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The creators of the Pop Up Park downtown will apply to keep the gathering space set up continuously from Memorial Day to Labor Day—a move they expect will further boost its usability and visibility while creating an opportunity to upgrade to sturdier furniture.
Launched on a test basis in the summer of 2012 and evolving each successive year into a more regular fixture, the “park” occupies the final block of South Avenue. It includes tables, chairs, a water fountain and often special set-ups from local musicians, businesses, nonprofits and community groups that create family-friendly entertainment and activities.
Last summer saw the Pop Up Park set up each Friday and broken down again late Sunday so that the block reverts to accommodate motor vehicle traffic for the workweek. It “brings people into the downtown area in a recreational manner,” said Keith Simpson, a longtime New Canaan resident who owns a landscape architectural design firm and serves on the Pop Up Park Committee.
“And there isn’t another park downtown anywhere, so having people enjoy the town more than just as a pedestrian going from shop to shop is an important additional dimension,” Simpson said.
And if the Pop Up Park is allowed to remain in place continuously through the whole summer, including weekdays, its very predictability for locals will bring new benefits, Simpson said.
“Once it’s in and up and running, and known that it is there, then people will not be wondering whether it will be put up Friday night or Saturday morning or how late on Sunday it will be taken down. It will be known that it is there and people will be far more likely to use it, so I anticipate a really good strong use of it once it is in place.”
The committee will propose the continuous presence of the Pop Up Park through this summer to the Police Commission at its March 18 meeting.
Reached by NewCanaanite.com and asked what sort of criteria the Police Commission would apply in making its decision, Chairman Stuart Sawabini said the group never has been fielded a request “to permanently close a road, essentially, so I don’t know that there is a lot of precedent with respect to this.”
“Certainly I think that first concerns would be pedestrian safety and traffic flow, and parking—though the actual number of spaces that the Pop Up Park occupies it’s not a very large number as I recall, maybe three or four cars and one large vehicle. It’s not a large number of spaces, but we are so shy on parking spaces that we don’t want to lose any if we can avoid it.”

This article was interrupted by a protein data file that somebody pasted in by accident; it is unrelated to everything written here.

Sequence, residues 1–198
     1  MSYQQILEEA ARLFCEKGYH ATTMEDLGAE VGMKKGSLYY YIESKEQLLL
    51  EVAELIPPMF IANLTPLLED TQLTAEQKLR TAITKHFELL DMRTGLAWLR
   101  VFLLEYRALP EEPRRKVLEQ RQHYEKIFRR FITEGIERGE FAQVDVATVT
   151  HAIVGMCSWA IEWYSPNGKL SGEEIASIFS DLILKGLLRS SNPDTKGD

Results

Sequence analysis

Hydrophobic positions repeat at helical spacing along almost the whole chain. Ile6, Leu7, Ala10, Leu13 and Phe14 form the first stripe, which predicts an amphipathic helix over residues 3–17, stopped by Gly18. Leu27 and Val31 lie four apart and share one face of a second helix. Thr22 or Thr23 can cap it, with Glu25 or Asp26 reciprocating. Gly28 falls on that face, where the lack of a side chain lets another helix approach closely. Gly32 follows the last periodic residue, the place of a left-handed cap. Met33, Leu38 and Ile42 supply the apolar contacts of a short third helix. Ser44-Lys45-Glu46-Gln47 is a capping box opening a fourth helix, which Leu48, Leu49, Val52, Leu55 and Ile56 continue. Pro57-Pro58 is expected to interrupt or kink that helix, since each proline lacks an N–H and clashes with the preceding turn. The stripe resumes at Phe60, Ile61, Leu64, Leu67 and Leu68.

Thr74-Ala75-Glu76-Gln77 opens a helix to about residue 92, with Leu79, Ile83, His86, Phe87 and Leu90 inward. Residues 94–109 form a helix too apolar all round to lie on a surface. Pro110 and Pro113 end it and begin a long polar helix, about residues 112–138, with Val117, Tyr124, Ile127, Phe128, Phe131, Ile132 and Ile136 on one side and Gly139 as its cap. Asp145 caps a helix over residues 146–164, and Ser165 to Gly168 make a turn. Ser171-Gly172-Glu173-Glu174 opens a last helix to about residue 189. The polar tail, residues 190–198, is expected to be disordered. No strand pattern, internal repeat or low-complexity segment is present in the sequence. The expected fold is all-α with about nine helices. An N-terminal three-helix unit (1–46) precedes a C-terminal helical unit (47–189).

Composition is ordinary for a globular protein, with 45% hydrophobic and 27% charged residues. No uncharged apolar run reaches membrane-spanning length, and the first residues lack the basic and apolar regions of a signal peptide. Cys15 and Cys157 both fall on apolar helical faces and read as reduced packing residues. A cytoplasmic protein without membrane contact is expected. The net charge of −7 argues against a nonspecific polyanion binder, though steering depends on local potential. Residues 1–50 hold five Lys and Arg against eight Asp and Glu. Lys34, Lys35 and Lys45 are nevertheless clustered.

Asked for his view on the Pop Up Park and its effect on pedestrian and motor vehicle safety, parking and traffic flow, Police Chief Leon Krolikowski said it’s been “a great success on many levels.”
“We have not identified any traffic safety issues or deficiencies,” Krolikowski said. “Often traffic in the area moves more efficiently when the park is set up. We believe having the park set up more frequently will be of benefit to the town.”
Pop Up Park Committee member and local Realtor Kelly Kraus looks out directly on the park from her desk at Barbara Cleary’s Realty Guild, and she said that when it’s running “you will find young parents with toddlers, 16-year-old boys and 80-year-old grandmothers all enjoying the space at the exact same time.”
Kraus said she notices particular young families that made it a point all summer to walk into town for the Pop Up Park to hang out there with their dog most of the day, and that she received a lot of positive feedback after the “World Cup Weekend” where big-screen TVs were wheeled out to watch the U.S. side compete in Brazil.
“It’s just nice to have a space to have those kinds of spontaneous events right in the downtown area, I think that’s really important,” Kraus said.
An advantage to having the park in place continuously through the summer is that it will be easier for motorists traveling up Elm Street to remember they can’t turn left onto South Avenue if it’s a fixture, rather than an on-again, off-again amenity.
In addition, the tables and chairs used for the park aren’t as attractive and sturdy as they might be if being light enough to carry around weren’t a requirement, Kraus said.
“The other thing is, I am a volunteer and I helped, but quite honestly if we decide the Pop Up Park is a valuable thing—and I think for the most part, people think that it is—we cannot keep asking [committee members] Tucker Murphy and Jeff Holland to spend the man hours that they spend putting that thing up and down,” she said. “It is work-intensive and in all kinds of weather and it just is a lot of hard work. Thank god for Jeff and Tucker, but we cannot expect them to keep doing it on a regular basis.”
Hitting this tipping point is one reason why the committee turned to town officials last month for some guidance on how the Pop Up Park should be handled now that it’s taken baby steps toward a more frequent presence in the summer.
Asked about what feedback she’s received from locals on the Pop Up Park, Murphy said she’s heard overwhelmingly that they want it back. Dozens of businesses and organizations already are trying to book time for when they can use it, Murphy said.
One way to frame the questions now facing the Pop Up Park’s future, Murphy said, is: “Is it really more important for us to keep that intersection viable for motor vehicles, or do we see value in having it at certain times of the year be a community gathering spot?”
Murphy said that even though it technically isn’t needed, she would want support for a summer-long Pop Up Park from the Planning & Zoning Commission as well as the Police Commission.